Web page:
47.59
1
82.98
1
130.57
  • ISU Personal best highlighted in bold.

References[edit]

  1. ^ a b "Gabrielle DALEMAN: 2017/2018". International Skating Union. Archived from the original on December 2, 2017. 
  2. ^ a b Li, David (January 3, 2014). "Rogozine, Daleman lead local skaters to nationals". YorkRegion.com. Archived from the original on August 1, 2014. 
  3. ^ a b "Gabrielle Daleman". Canadian Olympic Committee. Archived from the original on April 2, 2014. 
  4. ^ a b c DiManno, Rosie (January 11, 2018). "Remarkable Daleman learns to soar, and forgive". Toronto Star. 
  5. ^ a b Smith, Beverley (January 11, 2018). "Gabby Daleman: what strength is". bevsmithwrites.wordpress.com. 
  6. ^ Ewing, Lori (January 11, 2018). "Gabrielle Daleman says health scares give her Olympic journey new meaning". The Canadian Press. CBC Sports. 
  7. ^ a b Muster, Judith (February 5, 2014). "Toronto Goes for Gold: Gabrielle Daleman". Post City Toronto. Archived from the original on February 10, 2014. 
  8. ^ "Gabrielle DALEMAN". sochi2014.com. Archived from the original on April 13, 2014. 
  9. ^ a b Slater, Paula (July 31, 2014). "Injury-free, Daleman eyes national title". Golden Skate. 
  10. ^ a b c Ewing, Lori (March 31, 2016). "Canadians Weaver and Poje miss out on medal at world championships". The Canadian Press. Winnipeg Free Press. Archived from the original on January 24, 2017. 
  11. ^ Slater, Paula (February 28, 2015). "Daleman confident as Worlds loom closer". Golden Skate. 
  12. ^ Hersh, Philip [@olyphil] (April 29, 2015). "Gabrielle Daleman- Coaching Change" (Tweet) – via Twitter. 
  13. ^ Slater, Paula (October 21, 2015). "'Total package' coming together for Canada's Daleman". Golden Skate. 
  14. ^ "Gabrielle Daleman, Julianne Séguin and Charlie Bilodeau withdraw from 2016 ISU Four Continents Figure Skating Championships". Skate Canada. February 11, 2016. Archived from the original on February 12, 2016. 
  15. ^ Luchianov, Vladislav (July 8, 2016). "Daleman finds renewed focus, passion in Toronto". IceNetwork.com. 
  16. ^ a b "Gabrielle Daleman has surgery to remove cyst". The Canadian Press. CBC Sports. May 23, 2017. 
  17. ^ Stinson, Scott (January 11, 2018). "Gabrielle Daleman's complicated road has given her a deep sense of self at age 19". The National Post.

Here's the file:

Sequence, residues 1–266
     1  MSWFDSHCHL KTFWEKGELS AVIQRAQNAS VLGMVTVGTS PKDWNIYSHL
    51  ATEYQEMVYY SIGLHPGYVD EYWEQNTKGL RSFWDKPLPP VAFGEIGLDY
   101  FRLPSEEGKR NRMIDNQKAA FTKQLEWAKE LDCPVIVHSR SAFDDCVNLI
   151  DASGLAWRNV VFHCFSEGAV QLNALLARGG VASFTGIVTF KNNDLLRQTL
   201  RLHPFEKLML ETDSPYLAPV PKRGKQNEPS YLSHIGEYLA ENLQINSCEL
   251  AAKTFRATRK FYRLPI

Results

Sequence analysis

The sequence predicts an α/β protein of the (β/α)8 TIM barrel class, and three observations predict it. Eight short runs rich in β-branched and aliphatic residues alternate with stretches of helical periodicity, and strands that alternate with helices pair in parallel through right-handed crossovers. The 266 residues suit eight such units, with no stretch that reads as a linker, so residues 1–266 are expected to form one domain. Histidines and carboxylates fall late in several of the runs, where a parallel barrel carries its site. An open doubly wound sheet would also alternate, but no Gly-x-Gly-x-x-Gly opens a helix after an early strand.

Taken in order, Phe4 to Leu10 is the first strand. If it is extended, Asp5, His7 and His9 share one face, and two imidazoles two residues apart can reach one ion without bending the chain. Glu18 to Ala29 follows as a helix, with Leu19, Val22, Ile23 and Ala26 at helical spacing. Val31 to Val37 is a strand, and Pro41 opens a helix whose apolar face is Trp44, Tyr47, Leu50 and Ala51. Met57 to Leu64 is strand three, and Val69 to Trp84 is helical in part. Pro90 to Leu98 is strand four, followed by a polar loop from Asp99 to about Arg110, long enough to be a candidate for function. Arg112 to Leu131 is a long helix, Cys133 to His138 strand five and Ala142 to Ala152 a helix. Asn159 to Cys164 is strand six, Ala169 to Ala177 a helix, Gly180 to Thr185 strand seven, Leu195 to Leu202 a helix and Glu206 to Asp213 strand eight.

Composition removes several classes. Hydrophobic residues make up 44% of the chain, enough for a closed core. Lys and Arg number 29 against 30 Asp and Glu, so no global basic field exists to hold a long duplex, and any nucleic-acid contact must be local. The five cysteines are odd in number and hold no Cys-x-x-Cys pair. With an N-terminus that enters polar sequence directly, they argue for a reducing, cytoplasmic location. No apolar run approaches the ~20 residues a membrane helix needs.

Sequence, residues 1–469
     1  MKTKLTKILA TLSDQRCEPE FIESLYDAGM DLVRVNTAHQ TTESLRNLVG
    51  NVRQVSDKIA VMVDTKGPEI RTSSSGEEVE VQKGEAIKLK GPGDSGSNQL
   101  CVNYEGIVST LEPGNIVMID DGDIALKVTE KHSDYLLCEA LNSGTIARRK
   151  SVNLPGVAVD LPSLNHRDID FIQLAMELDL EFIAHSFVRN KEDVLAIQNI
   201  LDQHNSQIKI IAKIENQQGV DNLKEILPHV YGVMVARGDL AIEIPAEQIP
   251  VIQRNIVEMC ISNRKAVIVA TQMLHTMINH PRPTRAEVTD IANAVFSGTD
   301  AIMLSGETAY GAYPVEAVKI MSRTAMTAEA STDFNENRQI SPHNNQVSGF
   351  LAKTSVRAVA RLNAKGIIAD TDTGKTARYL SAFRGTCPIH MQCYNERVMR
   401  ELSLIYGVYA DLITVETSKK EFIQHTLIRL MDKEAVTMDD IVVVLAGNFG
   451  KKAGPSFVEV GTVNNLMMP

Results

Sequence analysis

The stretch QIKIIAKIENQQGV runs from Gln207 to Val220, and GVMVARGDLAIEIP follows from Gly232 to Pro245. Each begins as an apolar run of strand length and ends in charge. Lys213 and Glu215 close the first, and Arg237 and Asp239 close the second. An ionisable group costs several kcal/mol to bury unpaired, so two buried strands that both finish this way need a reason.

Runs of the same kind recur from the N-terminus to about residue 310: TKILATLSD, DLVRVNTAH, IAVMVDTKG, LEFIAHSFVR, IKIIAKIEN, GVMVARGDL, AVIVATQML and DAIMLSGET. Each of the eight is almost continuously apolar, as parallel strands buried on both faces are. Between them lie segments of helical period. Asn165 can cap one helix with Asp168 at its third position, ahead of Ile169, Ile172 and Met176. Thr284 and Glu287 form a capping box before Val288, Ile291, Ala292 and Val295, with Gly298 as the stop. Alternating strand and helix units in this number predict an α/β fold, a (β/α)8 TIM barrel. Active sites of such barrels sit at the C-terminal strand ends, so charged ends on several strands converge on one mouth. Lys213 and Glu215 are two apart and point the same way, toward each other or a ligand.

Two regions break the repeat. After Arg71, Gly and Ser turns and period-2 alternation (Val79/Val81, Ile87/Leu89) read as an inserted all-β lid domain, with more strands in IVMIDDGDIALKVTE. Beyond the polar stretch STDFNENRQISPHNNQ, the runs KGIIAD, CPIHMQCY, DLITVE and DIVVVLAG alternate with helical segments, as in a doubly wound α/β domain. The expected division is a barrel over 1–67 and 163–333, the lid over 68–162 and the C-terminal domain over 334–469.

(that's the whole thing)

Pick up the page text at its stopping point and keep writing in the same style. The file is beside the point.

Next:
18. ^ Smith, Beverley (January 12, 2018). "Gabby Daleman taking no prisoners". bevsmithwrites.wordpress.com. 
  19. ^ DiManno, Rosie (February 23, 2018). "Rochette consoles Daleman after agonizing Olympic free skate". The Toronto Star. 
  20. ^ Smith, Beverley (March 24, 2018). "Karen Magnussen passes the torch". bevsmithwrites.wordpress.com. 
  21. ^ Daleman, Gabrielle [@gabby_daleman] (July 3, 2017). "Long announcement will be coming tonight!" (Tweet) – via Twitter.  Daleman, Gabrielle [@gabby_daleman] (July 5, 2017). "Gladiator Rhapsody" (Tweet) – via Twitter. 
  22. ^ Daleman, Gabrielle (July 24, 2017). "I am... Carmen #ShortProgram #Sass #Flirty". 
  23. ^ Artificial Intelligence LG ThinQ Ice Fantasia 2018 (Television production). KBS. April 21, 2018. 
  24. ^ Daleman, Gabrielle (April 21, 2018). "I have nothing if I don't have you ✨" (Instagram). 
  25. ^ a b "Stars on Ice - Music: 2018 Investors Group Stars on Ice presented by Lindt". Stars on Ice. Archived from the original on May 2, 2018. Retrieved May 2, 2018. 
  26. ^ Championnats nationaux de patinage Canadian Tire 2018 (Television production). RDS. January 20, 2018. 
  27. ^ "Gabrielle DALEMAN: 2016/2017". International Skating Union. Archived from the original on May 21, 2017. 
  28. ^ a b "Stars on Ice - Music: 2017 Investors Group Stars on Ice presented by Lindt". Stars on Ice. Archived from the original on May 23, 2017. Retrieved May 23, 2017. 
  29. ^ "Gabrielle DALEMAN: 2015/2016". International Skating Union. Archived from the original on May 28, 2016. 
  30. ^ "Gabrielle DALEMAN: 2014/2015". International Skating Union. Archived from the original on May 21, 2015. 
  31. ^ "Gabrielle DALEMAN: 2013/2014". International Skating Union. Archived from the original on May 22, 2014. 
  32. ^ "Gabrielle Daleman: 2013/2014". Skate Canada. Archived from the original on February 13, 2014. 
  33. ^ "Gabrielle DALEMAN: 2012/2013". International Skating Union. Archived from the original on March 3, 2013. 
  34. ^ a b "Competition Results: Gabrielle DALEMAN". International Skating Union. 
  35. ^ "Gabrielle Daleman". Skate Canada. Retrieved September 15, 2014. 

External links[edit]

Media related to Gabrielle Daleman at Wikimedia Commons